The Bible is filled with some major players. Lot and his wife are two from the Old Testament.
In the Genesis story, Lot is Abraham’s nephew. For the longest time the two men shared property. Abraham, of course, was the elder and had the last say on everything. One day, “Lot looked up and saw that the whole plain of the Jordan was well watered, like the garden of the Lord” (Genesis 13:10). The land looked greener than where he was. Lot asked his uncle for the greener land, and Abraham granted it.
Abram lived in the land of Canaan, while Lot lived among the cities of the plain and pitched his tents near Sodom. Now the men of Sodom were wicked and were sinning greatly against the Lord. (Genesis 13:12-13).
It’s a case of country mouse going to the city. A lot has been said about verse 13, and I think it important to note that the text says that the men were wicked and sinned against God. Be weary of those who communicate that this text says more than that. Does God destroy Sodom? Yes. Why? Because “the men . . were wicked and were sinning greatly against the Lord” (Genesis 13:13).
God destroys the city only after Uncle Abraham puts up a good round of bargaining. If there are 10 righteous in the city, God will save the city. God sends angels, messengers, to find the 10 righteous. Lot, practicing the ancient tradition of hospitality, invited the strangers into his home. Shortly after, the Bible reports that all the men in the city came demanding Lot to give up the two strangers so they may have their way with them.
A couple of things worth pondering. Lot and his family are non-Sodomites. They are strangers in a foreign land. Though they may have risen to a prosper lifestyle, they were still not from Sodom. So, when strangers come into town and visit Lot’s home first, it was sure to raise some questions.
Second, the crowd chose rape over hospitality. Hospitality was so serious, it was considered a sin against God. Rape is a horrid act of dominating power. Rape is a sin against God. What is just as horrifying is that Lot offers his two, virgin daughters to the crowd. If they were planning to rape the two strangers, you can put money down that will rape Lot’s daughters. Why would he do that? Is hospitality that serious?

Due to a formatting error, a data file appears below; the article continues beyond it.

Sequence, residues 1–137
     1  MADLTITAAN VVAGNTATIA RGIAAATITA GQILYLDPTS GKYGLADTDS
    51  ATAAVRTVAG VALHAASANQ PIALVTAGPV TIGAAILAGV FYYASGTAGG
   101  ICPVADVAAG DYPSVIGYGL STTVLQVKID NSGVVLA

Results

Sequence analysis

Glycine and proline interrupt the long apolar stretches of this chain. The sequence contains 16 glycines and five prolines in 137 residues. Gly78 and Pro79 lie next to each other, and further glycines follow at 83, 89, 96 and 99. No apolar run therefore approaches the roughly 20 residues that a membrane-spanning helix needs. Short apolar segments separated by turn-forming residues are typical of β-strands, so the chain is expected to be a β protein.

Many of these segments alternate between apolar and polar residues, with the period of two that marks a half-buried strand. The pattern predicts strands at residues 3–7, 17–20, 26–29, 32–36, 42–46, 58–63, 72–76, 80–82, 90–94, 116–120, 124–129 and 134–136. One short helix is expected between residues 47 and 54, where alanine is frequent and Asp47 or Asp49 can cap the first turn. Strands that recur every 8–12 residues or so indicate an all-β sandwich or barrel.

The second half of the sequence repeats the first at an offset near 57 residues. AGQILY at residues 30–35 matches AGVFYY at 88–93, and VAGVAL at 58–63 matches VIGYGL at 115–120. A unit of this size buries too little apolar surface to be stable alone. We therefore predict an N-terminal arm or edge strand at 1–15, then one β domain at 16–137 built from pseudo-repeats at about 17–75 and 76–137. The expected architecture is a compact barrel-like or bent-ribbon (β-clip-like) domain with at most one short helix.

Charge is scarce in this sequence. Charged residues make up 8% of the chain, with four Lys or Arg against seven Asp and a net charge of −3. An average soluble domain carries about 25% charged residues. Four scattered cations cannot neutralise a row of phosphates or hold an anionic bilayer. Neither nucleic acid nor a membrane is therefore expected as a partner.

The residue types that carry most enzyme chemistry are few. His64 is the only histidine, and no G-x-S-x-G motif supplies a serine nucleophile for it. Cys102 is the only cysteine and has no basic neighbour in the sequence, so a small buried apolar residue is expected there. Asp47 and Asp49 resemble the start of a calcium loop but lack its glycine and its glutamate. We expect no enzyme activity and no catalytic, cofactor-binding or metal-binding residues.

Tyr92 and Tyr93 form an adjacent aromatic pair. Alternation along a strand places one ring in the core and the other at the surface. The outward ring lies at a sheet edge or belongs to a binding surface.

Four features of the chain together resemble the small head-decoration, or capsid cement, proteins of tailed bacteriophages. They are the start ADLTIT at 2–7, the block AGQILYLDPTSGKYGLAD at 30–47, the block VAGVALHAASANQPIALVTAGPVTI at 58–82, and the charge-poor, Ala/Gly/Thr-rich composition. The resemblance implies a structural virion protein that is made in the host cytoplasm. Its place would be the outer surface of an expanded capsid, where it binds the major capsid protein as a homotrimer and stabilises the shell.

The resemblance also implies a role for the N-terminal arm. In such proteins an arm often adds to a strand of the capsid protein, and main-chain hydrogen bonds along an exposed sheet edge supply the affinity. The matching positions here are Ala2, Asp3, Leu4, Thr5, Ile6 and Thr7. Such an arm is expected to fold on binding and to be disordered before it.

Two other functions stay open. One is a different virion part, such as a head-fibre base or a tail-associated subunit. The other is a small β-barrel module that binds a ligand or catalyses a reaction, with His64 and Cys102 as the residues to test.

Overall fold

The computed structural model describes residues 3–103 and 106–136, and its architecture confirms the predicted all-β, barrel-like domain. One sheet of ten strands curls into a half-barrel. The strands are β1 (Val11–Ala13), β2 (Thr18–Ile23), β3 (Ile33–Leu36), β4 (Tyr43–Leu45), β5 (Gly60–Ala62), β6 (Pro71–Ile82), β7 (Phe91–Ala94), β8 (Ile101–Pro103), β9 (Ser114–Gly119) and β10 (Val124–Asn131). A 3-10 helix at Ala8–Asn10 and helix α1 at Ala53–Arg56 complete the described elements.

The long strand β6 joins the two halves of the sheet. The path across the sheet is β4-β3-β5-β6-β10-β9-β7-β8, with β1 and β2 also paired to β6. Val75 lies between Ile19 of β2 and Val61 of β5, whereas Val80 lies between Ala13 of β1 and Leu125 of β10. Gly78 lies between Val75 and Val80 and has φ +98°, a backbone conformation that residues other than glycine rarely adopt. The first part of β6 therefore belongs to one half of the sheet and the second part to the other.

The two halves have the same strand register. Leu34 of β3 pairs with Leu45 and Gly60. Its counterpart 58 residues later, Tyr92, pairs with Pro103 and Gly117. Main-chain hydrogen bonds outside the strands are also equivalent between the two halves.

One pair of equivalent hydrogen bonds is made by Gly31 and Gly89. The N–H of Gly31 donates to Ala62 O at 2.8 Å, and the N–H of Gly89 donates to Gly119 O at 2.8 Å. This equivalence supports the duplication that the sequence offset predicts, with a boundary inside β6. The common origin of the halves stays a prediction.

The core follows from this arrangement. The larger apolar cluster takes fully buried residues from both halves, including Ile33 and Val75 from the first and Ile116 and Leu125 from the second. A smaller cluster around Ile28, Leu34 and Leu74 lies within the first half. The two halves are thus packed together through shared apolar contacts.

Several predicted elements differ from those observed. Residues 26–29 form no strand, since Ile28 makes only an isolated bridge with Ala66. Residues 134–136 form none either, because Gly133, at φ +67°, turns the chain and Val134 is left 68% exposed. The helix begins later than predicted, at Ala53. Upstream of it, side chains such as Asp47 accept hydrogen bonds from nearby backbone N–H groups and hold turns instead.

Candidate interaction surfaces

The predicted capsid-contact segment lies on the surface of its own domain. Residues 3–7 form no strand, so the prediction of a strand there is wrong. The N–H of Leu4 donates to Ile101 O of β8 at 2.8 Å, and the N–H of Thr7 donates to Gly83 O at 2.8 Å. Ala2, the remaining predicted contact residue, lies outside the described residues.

The two angels send out a blinding light that actually blinds all the men in the crowd. The angels then tell the family to get out of town before the city is destroyed. But, Lot hesitates. Maybe he wanted to pack a bag of a few belongings. Was Lot so rooted in a lifestyle of prosperity in the big city, that he forgot his humble rural upbringing? This is what the angels do:
. . . the men grasped his hand and the hands of his wife and of his two daughters and led them safely out of the city, for the Lord was merciful to them. (Genesis 19:16)
God was merciful to them. God showed them grace. Go figure. Once the angels got the family out of the city, they them to run! Do not pass Go! Do not collect $200! Do not look back! And these weren’t friendly suggestions, these were commands. Do. Not. Look. Back.
And of course, someone looks back. Surprisingly it is Lot’s wife, who has been silent this whole episode. Why does she look back? She is grieving the life of luxurery she left behind? She is curious to see what is happening to the city? Even though they were told not to look back, she does, and she is instantly turned into a pillar of salt.
Looking back on where we have been can be helpful so that we do not make the same mistakes twice. Or when we reflect on the journey that the Holy One has brought us through. But looking back longingly, especially when God tells us not too, can be dangerous. I wonder if Lot’s wife looked back too soon. If she had waited until they reached a new, safer city and a month or so later, after settling in, and then looked back and reflected on why it was good for her and the family to move.
She stopped to collect her $200 dollars . . . .and it was too soon. We do the same sometimes. We don’t always live in the grace and mercy that God has extended to us. Instead, we too quickly look back at what once was, and what we once had.
How are you looking back?